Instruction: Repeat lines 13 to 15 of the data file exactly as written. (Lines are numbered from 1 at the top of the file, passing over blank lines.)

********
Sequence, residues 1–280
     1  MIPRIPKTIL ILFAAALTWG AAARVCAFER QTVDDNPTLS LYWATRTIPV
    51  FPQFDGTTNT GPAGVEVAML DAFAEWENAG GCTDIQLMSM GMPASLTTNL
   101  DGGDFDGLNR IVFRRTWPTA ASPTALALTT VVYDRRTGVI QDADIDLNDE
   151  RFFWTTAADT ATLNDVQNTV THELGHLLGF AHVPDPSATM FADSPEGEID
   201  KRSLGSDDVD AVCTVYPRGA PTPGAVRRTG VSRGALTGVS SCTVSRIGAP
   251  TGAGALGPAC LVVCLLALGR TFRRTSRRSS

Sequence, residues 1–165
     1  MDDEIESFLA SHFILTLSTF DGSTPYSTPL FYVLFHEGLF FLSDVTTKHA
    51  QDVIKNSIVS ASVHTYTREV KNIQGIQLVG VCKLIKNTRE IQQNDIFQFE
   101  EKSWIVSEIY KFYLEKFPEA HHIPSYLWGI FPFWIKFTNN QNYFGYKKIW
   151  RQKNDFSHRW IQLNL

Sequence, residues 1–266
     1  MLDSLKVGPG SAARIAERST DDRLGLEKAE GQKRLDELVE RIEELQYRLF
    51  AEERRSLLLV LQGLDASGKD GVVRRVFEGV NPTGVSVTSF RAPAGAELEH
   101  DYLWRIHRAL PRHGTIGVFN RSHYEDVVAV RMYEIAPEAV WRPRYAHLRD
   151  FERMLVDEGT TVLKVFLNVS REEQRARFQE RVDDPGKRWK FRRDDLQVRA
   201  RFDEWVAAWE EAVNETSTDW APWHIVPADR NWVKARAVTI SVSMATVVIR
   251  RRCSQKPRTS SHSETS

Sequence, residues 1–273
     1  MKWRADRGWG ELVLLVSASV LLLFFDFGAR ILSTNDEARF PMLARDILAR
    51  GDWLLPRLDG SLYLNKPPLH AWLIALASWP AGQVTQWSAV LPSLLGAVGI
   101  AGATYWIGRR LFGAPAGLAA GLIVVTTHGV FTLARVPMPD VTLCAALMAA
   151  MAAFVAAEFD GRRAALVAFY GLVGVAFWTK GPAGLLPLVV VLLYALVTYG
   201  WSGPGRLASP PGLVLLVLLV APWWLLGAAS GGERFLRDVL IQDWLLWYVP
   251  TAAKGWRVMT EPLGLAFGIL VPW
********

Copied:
Sequence, residues 1–266
     1  MLDSLKVGPG SAARIAERST DDRLGLEKAE GQKRLDELVE RIEELQYRLF
    51  AEERRSLLLV LQGLDASGKD GVVRRVFEGV NPTGVSVTSF RAPAGAELEH